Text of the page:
Student Senate passes Title IX bill

The Baylor Student Senate discusses passing a bill about promoting changes to the Title IX office on Thursday. Photo credit: Jessica Hubble

By Thomas Mott | Reporter

The Baylor Student Senate passed a bill that helps create awareness for the new changes to the Title IX office, SR64-13, on Thursday night.

During the senate meeting, San Antonio junior Paige Hardy, member of the student body president’s cabinet and sexual assault victim* spoke in front of the entire Student Senate about her story and the improvements she hopes to make on campus regarding Title IX.

“I am not up here just to complain about the system. I’m not here to admonish anyone in particular. I’m here to say this campus has problems, and I have solutions, both simple and complex, which I want to be heard,” Hardy said.

Hardy said she supports the extensive changes to the Title IX Office; however, she argued that students have not properly been made aware of the new changes to the program, which include establishing Title IX obligations as in institutional priority, engaging in measures that will instill a consistent institutional understanding of Title IX obligations and committing sufficient infrastructure and resources for effective Title IX implementation.

One issue Hardy brought up is that there are still many fliers throughout campus that have Patty Crawford as the current Title IX coordinator. Crawford resigned from her position as Title IX Coordinator in October of 2016 and was replaced by Kristan Tucker.

Hardy said both she and other sexual assaults victims she knows were not informed by Baylor that Patty Crawford had resigned or that a new Title IX coordinator had been hired.

The current Title IX coordinator, Tucker, is responsible to “Oversee the investigation and resolution of matters involving sexual and gender-based harassment and intimate partner violence as well as coordinate the University’s Title IX training, prevention programming, and outreach in this area,” according to the Baylor Title IX website.

During the meeting, Hardy also said she had been wanting to start a support group for sexual assault victims only to find out through a friend that the Title IX Office already​ offers such a group through the Baylor Counseling Center. She said she was never notified personally, as a victim, that a support group was available to her.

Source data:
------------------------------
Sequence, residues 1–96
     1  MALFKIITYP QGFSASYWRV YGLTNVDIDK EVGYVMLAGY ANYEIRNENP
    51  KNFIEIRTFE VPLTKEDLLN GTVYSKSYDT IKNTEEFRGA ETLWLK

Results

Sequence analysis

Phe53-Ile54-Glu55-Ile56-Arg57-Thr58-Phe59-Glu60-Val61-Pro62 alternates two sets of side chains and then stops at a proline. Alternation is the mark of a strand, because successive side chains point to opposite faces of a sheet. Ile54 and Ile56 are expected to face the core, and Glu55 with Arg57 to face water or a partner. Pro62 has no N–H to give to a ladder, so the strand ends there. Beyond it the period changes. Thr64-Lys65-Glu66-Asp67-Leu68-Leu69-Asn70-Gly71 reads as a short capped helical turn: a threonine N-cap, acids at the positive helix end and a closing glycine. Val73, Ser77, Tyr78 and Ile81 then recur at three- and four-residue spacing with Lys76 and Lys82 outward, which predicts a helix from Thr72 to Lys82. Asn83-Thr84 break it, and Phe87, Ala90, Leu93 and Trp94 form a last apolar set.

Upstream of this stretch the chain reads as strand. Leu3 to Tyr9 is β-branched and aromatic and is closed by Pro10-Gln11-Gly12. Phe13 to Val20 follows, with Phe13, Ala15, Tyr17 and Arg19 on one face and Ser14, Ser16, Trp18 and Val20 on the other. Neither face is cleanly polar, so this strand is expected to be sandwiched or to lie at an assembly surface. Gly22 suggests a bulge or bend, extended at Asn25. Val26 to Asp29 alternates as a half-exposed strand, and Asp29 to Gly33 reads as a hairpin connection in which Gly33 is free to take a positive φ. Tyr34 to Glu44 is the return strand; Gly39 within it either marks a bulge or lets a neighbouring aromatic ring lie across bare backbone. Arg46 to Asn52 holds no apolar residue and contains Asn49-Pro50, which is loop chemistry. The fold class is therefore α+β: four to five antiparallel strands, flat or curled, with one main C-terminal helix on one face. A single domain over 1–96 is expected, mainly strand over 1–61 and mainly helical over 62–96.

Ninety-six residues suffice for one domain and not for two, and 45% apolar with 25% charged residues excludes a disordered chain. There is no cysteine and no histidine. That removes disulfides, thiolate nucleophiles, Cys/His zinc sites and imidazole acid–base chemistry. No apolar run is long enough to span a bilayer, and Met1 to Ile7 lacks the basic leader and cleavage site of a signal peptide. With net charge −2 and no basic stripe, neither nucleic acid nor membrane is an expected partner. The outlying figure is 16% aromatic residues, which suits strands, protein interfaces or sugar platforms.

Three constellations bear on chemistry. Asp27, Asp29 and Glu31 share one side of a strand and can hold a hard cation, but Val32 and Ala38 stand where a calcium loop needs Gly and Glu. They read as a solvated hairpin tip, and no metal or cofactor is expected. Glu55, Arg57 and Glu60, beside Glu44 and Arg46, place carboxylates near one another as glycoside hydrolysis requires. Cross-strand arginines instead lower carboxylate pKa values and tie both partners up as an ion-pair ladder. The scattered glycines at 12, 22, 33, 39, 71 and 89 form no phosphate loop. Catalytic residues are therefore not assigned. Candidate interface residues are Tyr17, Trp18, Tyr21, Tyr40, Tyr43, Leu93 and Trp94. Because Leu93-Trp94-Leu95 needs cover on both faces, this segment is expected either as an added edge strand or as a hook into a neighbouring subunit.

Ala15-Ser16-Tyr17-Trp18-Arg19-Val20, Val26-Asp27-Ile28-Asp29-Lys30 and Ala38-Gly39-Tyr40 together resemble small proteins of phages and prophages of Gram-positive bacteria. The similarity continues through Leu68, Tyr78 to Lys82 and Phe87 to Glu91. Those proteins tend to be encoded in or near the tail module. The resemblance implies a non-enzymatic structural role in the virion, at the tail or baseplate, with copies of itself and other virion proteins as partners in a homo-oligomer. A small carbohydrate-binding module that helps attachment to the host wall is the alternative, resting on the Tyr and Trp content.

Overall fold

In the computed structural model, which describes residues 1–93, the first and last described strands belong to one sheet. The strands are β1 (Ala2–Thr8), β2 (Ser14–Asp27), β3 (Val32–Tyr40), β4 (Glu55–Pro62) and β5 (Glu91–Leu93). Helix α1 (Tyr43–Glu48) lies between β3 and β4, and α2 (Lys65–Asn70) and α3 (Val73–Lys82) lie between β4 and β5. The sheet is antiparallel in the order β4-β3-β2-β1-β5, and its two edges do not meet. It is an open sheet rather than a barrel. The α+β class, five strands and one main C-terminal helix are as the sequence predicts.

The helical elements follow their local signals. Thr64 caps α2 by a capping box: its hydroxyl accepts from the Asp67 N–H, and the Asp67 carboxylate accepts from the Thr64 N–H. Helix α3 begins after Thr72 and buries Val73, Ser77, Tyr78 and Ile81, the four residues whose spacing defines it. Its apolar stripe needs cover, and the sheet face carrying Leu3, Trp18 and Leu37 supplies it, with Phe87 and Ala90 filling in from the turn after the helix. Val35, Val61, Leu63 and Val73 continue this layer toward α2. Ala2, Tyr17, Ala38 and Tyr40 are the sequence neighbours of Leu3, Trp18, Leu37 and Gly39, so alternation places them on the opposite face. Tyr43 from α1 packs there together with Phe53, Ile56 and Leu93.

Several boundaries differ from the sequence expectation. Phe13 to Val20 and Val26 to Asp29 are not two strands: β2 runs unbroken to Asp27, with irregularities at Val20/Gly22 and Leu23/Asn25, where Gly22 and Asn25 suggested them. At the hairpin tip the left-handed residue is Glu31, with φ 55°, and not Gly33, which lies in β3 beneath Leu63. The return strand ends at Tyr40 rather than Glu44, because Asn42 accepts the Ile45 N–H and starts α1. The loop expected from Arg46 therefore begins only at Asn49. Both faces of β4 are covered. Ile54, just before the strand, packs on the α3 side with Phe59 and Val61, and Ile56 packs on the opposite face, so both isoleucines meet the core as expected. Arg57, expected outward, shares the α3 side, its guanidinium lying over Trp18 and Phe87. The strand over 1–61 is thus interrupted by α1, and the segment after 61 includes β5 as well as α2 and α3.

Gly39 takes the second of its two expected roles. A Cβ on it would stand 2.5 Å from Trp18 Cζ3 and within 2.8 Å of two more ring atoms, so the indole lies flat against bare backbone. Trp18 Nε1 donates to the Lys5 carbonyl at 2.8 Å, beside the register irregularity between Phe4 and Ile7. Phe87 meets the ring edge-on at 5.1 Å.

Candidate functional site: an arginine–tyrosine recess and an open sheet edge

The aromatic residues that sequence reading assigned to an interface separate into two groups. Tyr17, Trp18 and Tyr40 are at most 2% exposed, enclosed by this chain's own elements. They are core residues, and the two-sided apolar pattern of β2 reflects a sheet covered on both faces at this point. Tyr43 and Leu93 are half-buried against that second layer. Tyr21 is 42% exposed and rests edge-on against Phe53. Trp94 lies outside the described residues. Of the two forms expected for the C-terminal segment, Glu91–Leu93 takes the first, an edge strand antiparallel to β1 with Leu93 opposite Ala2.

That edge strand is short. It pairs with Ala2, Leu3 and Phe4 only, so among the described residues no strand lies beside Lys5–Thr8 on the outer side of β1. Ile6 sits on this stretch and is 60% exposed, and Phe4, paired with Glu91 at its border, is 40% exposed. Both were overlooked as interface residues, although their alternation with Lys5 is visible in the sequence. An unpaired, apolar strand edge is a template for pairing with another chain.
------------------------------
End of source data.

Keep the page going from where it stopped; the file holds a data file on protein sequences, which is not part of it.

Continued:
“This is an issue that needs to be changed. The victims need more transparency. They need a place to go. I think [the bill] is a great way for students to say ‘Hey, we have an idea. Let’s try to fix it,’” said Waco junior and Student Senator Elizabeth Larson.

Hardy also said it took the Title IX Office four months to respond to her request for counseling regarding her assault.

The recent changes to the Title IX Office result from the Pepper Hamilton investigation into Baylor’s handling of sexual assaults at Baylor over the past couple of years. The Pepper Hamilton report called Baylor’s response to acts of sexual assault “wholly inadequate.” There were more than 100 changes made by Baylor regarding its Title IX Office following the recommendations stemming from the Pepper Hamilton report.

The Baylor Title IX website states, “We want to make sure that anyone who reports experiences related to such discrimination feels safe, knows her or his rights and is aware of all available resources and options to continue to have the opportunity to be successful.”

Hardy concluded her senate speech by saying that this will be the first of multiple bills focusing on Title IX, but that this first one is simple and to the point.

“The first bill can be summarized in one sentence: The Title IX department is changing, and students should know about it,” Hardy said.

“But as difficult as this is for me, I know other survivors have it much, much worse. I don’t see my attackers regularly. They aren’t athletes who’s pictures are posted on the walls of our campus, nor are they involved in executive positions of organizations. So here I stand for them,” Hardy said.

*: Typically, the Lariat does not identify the victims of sexual assault, however, Hardy’s name appeared on bill SR64-13 and Hardy agreed to having her name in print.

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